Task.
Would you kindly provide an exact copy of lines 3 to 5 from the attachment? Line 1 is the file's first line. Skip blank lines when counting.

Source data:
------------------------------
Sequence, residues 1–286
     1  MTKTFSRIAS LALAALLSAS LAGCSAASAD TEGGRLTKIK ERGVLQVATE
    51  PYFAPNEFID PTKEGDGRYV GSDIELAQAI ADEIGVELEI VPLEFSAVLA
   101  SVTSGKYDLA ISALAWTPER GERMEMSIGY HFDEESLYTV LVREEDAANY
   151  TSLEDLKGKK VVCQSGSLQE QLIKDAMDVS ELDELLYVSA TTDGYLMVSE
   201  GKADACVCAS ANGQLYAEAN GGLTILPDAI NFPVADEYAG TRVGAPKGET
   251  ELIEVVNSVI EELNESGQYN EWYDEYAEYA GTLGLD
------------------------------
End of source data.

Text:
    51  PYFAPNEFID PTKEGDGRYV GSDIELAQAI ADEIGVELEI VPLEFSAVLA
   101  SVTSGKYDLA ISALAWTPER GERMEMSIGY HFDEESLYTV LVREEDAANY
   151  TSLEDLKGKK VVCQSGSLQE QLIKDAMDVS ELDELLYVSA TTDGYLMVSE